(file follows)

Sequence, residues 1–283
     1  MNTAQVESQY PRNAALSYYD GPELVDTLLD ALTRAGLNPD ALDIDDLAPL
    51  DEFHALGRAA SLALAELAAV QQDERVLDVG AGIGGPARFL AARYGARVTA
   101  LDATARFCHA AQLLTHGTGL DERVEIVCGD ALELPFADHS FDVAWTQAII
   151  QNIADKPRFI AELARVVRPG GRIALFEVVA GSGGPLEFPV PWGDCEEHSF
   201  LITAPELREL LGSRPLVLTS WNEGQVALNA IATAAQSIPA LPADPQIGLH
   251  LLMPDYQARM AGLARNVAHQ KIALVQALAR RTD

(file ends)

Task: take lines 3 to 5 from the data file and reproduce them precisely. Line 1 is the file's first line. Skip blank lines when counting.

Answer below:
    51  DEFHALGRAA SLALAELAAV QQDERVLDVG AGIGGPARFL AARYGARVTA
   101  LDATARFCHA AQLLTHGTGL DERVEIVCGD ALELPFADHS FDVAWTQAII
   151  QNIADKPRFI AELARVVRPG GRIALFEVVA GSGGPLEFPV PWGDCEEHSF